Monday, March 26, 2012

Consort Profile: Empress Xiaozheyi of China

It seems that in Imperial China, many of the consorts we most remember are those who met a tragic or mysterious end. This was certainly the case with Empress Xiaozheyi (Xiao Che), consort of the Emperor Tongzhi, who remains the subject of one of the great unsolved mysteries of the Great Qing Dynasty. She was born on July 25, 1854 into the Alute clan of the Mongol Plain Blue Banner. Because of her background many works refer to her as Empress Alute. Her father, Chong Ji, was a highly respected mandarin, a professor at the Hanlin Academy and the Secretary of the Bureau of Revenue, probably the most esteemed and accomplished Mongol scholar of his time. Her mother was the daughter of a high-ranking Manchu prince, so she was well placed in the upper echelons of Qing society from the very beginning. Alute was noted for her exceptional intelligence, which is not surprising given the scholarly achievements of her father and he kept his daughter close to him when he was at court, personally seeing to her education. Because of this she had a far more developed intellect than was normally expected for a princess but her proximity to the halls of power also caused her to be noticed by the Empress Dowager Cixi as well as her son Emperor Tongzhi who was immediately taken with her.

Tongzhi had reigned as the “Son of Heaven” since he was five years old, coming to the Dragon Throne in 1861 but it was his mother who was the real power. When the time came for a bride to be chosen for the Emperor it was Tongzhi himself who insisted on the knock-out book-worm Alute as an ideal bride for himself and certainly few would have disputed the wisdom of such a choice. Alute was equally famous for her great intelligence, her great virtue and character as well as her great beauty. One would have been hard pressed to imagine someone better suited to be an empress. Empress Dowager Cixi, on the other hand, was not so impressed but, nonetheless, on September 15, 1872 Alute formally became Empress consort to Emperor Tongzhi while the other candidates, favored by the Empress Dowager, were given the consolation prize of becoming concubines. However, their lives were to be rather boring as Emperor Tongzhi favored Alute more than any other and spent almost every night with her, hardly, if ever, calling for any of his other concubines. Even as a youth, Tongzhi had a reputation for, shall we say, a great deal of diverse romantic experience, but all that seemed to change with his marriage to Alute and while his mother might have been pleased with that, she was not at all pleased that he was spending all his time with his wife to the neglect of the consorts she favored and he was soon taking some interest in actually ruling China. She didn’t like that either and was inclined to put the blame on his new wife.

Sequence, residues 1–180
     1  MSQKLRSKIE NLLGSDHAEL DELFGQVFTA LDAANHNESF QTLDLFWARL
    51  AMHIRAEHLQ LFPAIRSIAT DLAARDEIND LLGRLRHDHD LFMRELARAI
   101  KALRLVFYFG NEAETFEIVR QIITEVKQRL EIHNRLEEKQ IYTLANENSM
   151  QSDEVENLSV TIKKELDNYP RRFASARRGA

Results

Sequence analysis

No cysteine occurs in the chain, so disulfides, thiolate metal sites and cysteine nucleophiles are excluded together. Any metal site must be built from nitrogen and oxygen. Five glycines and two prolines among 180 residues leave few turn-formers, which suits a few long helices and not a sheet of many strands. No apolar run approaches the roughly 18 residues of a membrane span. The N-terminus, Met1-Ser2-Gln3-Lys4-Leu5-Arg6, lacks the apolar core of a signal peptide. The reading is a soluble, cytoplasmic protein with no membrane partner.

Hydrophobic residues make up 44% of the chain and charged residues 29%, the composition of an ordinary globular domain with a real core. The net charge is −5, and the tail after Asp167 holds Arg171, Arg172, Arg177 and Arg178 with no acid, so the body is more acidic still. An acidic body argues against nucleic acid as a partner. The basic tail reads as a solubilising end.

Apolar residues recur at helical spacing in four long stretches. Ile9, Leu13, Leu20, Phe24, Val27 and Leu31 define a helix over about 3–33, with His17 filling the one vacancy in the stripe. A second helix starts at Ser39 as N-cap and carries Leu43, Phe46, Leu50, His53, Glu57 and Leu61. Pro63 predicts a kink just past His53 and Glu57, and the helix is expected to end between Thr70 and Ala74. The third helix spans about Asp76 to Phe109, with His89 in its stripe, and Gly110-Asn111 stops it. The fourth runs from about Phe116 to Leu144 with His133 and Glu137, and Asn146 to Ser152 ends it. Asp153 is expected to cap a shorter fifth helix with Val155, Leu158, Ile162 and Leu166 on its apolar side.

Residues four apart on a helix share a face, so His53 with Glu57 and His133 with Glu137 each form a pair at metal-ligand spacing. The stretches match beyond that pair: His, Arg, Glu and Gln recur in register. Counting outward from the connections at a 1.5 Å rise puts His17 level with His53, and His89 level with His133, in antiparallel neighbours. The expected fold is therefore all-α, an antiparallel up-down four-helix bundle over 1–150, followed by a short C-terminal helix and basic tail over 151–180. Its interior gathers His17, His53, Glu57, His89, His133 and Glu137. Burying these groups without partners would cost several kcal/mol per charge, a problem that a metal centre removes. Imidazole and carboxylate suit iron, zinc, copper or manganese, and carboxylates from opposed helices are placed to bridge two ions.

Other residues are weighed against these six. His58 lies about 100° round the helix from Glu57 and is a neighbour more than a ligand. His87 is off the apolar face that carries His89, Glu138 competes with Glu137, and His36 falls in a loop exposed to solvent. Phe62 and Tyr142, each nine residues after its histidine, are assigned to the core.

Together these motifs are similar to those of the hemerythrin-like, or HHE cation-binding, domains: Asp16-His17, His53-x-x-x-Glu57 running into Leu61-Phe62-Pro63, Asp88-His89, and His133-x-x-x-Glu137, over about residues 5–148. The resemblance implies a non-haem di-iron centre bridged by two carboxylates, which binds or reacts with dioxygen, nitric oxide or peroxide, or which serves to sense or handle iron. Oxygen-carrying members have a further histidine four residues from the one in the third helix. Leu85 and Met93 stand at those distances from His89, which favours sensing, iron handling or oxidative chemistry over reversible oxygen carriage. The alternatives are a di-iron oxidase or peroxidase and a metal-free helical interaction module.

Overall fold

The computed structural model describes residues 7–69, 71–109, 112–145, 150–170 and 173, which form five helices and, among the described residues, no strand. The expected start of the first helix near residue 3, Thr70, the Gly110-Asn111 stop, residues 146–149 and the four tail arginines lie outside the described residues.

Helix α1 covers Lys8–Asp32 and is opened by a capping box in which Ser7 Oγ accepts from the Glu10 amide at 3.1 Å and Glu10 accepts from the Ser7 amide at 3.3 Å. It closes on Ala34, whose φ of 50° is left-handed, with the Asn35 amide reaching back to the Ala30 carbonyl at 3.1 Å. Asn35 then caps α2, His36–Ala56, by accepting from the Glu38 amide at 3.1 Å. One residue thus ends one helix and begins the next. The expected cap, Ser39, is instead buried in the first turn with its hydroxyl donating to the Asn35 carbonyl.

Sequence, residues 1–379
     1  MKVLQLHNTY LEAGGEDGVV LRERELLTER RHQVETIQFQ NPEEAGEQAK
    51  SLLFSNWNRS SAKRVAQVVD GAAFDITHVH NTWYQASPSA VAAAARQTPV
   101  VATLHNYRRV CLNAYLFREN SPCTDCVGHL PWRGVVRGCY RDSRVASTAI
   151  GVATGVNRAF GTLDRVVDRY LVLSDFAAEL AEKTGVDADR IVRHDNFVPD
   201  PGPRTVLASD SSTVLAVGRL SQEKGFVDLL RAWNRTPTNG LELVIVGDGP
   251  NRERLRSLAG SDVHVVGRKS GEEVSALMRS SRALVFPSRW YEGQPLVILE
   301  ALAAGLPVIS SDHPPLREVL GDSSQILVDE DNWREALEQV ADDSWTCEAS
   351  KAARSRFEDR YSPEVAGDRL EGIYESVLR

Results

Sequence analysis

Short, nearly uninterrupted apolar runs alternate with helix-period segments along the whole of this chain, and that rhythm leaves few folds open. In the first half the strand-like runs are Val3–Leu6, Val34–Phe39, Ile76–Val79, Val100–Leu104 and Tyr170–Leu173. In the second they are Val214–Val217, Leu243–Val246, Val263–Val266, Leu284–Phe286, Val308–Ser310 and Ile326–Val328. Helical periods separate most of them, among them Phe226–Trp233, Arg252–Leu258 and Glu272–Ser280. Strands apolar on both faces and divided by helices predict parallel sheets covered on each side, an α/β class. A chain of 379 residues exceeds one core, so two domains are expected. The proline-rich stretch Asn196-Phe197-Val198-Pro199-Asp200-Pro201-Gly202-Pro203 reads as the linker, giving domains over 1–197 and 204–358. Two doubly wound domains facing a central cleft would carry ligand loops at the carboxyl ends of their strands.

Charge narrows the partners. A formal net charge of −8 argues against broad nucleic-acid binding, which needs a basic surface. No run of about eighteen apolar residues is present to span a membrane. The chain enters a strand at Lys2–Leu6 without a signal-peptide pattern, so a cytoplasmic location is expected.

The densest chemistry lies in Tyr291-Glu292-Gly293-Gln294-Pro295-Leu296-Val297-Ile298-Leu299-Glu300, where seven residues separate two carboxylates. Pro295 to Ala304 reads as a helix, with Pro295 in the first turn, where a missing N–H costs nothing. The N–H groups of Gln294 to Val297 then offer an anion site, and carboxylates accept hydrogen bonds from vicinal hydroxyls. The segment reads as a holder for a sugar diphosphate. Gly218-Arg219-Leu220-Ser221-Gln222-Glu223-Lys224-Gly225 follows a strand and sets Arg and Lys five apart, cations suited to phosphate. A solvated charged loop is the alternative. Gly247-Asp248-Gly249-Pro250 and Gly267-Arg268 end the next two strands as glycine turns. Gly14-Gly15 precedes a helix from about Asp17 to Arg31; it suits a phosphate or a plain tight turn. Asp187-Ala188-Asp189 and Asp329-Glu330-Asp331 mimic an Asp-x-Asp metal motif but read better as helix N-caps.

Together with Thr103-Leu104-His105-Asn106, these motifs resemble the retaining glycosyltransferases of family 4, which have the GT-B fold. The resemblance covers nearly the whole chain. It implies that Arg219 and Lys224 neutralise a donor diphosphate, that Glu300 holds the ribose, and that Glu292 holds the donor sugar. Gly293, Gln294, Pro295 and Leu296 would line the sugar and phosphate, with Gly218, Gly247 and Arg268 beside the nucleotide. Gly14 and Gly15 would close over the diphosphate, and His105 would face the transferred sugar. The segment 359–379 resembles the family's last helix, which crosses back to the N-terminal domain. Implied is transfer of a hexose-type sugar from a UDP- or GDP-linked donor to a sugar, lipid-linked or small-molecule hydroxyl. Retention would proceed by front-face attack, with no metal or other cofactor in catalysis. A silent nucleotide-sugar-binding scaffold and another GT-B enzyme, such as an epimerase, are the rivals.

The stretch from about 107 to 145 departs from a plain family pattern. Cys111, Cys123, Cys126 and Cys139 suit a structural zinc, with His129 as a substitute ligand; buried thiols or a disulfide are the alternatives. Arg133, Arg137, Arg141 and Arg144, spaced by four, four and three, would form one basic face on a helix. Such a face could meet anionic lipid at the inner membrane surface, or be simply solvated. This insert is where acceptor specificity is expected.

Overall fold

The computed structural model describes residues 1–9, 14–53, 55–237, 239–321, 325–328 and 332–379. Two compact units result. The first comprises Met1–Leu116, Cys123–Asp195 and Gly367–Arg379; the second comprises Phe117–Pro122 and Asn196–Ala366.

Emperor Tongzhi
The Empress Dowager took Empress Alute aside and explained to her that she should not keep her husband all to herself, that whether she recognized it or not she was causing harm but making Tongzhi neglect his other consorts. Alute, of course, was intentionally doing nothing of the sort. She came when the Emperor called and could hardly be held to blame for him not calling others. Appealing to her famous intellect, the Empress Dowager also suggested that Alute and the Emperor devote more of their time to study rather than romance and, of course, to do so separately so that the lovely girl would not distract her lustful husband. Tongzhi, however, wanted nothing to do with anything that kept him apart from Alute for long and she was just as devoted to him, no matter how odd a couple they seemed, the playboy and the nerdy girl, so finally the Empress-Dowager acted on her own considerable authority to have the two kept apart. This was unfortunate as the Emperor, deprived of the companionship of his wife, soon returned to his former licentious ways with the help of his eunuchs who were eager to indulge his every whim. Soon he was being smuggled out of the palace to the various dens of iniquity around Peking where, by most accounts, his lifestyle led him to contract syphilis.